By Wrighteous86 4 Comments
"Required Reading" is an ongoing series where we look at some of the ancillary media related to our favorite games; from books, to comics, to films. We'll take a look at the story behind the creation of the piece, if any, and review the quality of the work as a whole. Finally, we'll discuss whether it adds anything of substance to the narrative of the franchise. Today, we'll be taking a look at...
If you find this recording, the artifact and the Ishimura must be destroyed.
The original Dead Space came out during a time of change for EA. The now departed John Riccitiello, CEO of the company at the time, was spearheading a movement to change the public's perception of the publishing behemoth. The main thrust of his plan was to move away from endless repetitive sequels, a tactic taken by EA's major competitor Activision, and move towards crafting new experiences and new franchises on the newly released generation of consoles. With this statement, EA announced Mirror's Edge and Dead Space. EA also announced plans to further enrich their franchises through ancillary media; namely movies, books, and comics; that would deepen the universes players enjoyed and extend their stories to people that normally wouldn't have the opportunity to experience them. Ultimately, both of these movements would fail, despite vocal support from fans. While EA games still receive the odd comic book or anime tie-in, they aren't given the emphasis they had been before. Dead Space has just barely managed to stay profitable as the series has gone forward, and Mirror's Edge is nowhere to be seen, amidst rumors of a cancelled sequel shortly after the release of the original game. Despite this, the Dead Space franchise and Downfall itself are successes, in their own way.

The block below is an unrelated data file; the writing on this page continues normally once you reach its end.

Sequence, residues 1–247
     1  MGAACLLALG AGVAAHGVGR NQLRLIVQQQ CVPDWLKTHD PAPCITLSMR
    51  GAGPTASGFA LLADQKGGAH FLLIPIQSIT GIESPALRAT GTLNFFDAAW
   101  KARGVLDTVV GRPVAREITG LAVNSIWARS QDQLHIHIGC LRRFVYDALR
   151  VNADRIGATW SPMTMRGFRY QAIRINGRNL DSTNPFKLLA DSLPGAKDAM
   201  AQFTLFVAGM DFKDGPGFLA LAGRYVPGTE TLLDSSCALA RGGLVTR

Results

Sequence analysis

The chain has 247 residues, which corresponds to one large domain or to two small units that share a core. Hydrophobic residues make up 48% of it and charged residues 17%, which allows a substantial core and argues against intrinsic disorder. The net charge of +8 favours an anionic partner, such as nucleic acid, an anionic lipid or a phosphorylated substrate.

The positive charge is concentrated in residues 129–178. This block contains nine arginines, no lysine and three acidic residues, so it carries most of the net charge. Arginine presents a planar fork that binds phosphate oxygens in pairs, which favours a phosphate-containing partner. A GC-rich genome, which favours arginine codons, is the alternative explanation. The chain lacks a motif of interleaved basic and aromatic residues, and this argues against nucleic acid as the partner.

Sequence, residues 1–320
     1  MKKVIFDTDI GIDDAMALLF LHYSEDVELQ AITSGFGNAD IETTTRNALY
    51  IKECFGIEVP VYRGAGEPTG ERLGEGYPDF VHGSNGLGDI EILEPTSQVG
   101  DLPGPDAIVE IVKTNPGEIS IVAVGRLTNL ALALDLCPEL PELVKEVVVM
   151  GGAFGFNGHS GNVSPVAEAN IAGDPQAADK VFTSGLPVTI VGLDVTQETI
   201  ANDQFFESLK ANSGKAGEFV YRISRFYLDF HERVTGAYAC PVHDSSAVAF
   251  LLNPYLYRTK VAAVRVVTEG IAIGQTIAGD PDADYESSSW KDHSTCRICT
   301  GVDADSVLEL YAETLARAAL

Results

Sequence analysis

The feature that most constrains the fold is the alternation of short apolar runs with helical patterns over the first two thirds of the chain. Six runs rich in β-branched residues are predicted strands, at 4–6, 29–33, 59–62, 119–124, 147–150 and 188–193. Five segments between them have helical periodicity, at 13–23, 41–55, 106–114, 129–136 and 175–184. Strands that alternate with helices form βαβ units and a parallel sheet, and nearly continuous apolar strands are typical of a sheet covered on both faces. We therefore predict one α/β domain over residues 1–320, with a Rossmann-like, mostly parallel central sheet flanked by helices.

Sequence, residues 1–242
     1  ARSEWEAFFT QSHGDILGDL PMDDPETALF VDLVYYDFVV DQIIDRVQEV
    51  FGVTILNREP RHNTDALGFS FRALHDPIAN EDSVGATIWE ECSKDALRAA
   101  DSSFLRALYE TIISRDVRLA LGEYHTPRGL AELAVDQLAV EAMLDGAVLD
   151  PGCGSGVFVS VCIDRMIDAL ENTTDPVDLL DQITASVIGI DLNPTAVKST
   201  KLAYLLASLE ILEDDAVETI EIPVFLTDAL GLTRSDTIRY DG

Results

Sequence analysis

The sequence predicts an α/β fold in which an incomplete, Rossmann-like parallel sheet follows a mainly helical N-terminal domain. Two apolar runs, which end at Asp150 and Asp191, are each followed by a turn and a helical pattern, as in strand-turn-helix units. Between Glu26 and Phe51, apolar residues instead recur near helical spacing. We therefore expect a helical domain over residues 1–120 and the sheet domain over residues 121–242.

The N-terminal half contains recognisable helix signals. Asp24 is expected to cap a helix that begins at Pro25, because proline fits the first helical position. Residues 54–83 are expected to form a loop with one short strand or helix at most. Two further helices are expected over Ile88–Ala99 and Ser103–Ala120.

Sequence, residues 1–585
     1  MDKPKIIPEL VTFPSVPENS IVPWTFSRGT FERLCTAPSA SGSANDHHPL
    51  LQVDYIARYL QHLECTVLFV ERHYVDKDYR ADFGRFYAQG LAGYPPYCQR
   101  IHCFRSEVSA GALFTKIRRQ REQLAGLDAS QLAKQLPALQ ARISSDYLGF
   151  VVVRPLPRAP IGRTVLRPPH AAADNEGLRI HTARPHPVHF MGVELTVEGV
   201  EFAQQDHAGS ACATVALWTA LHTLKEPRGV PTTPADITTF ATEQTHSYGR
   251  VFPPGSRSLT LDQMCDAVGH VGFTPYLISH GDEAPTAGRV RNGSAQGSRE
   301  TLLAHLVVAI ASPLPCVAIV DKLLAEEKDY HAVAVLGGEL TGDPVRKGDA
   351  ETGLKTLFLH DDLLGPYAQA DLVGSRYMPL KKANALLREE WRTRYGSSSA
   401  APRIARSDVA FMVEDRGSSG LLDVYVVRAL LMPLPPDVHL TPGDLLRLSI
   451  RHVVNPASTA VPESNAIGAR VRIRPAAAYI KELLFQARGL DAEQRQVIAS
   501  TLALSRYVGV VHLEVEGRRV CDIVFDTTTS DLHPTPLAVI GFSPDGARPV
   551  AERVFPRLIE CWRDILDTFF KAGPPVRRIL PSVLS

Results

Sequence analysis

The only planets we ever found in all of space are dead. Earth was a fluke.
Dead Space: Downfall was released just over a week after the launch of Dead Space. While that game saw series' protagonist Isaac Clarke make his way through the doomed spaceship USG Ishimura, Downfall relates the events that took place before Isaac ever stepped his RIG onboard, showing how the ship and crew were infected, attacked, and tortured, and setting the stage for many of the sequences in the game. These days, it seems like most video game movie tie-ins are styled after anime. Those influences can be seen in parts of Downfall, but it stands apart by being more reminiscent of a high-budget version of early-'90s American Saturday morning action-cartoons along the lines of X-Men or Gargoyles. It's a style that isn't found very often, and even less so lately, but it manages to fit the gory horror tone of the franchise pretty well. Like all cartoons released in the new millennium, Downfall also includes a bit of CG--mainly for exterior shots of the spaceships--which aren't too distracting and manage to emphasize the size and complexity of these space-faring vessels. Normally, I find the liberal use of CG distracting or unpleasant to look at, but I wasn't offended by its use here. When used appropriately, and with a light touch, Downfall shows that it can be an effective tool in animation.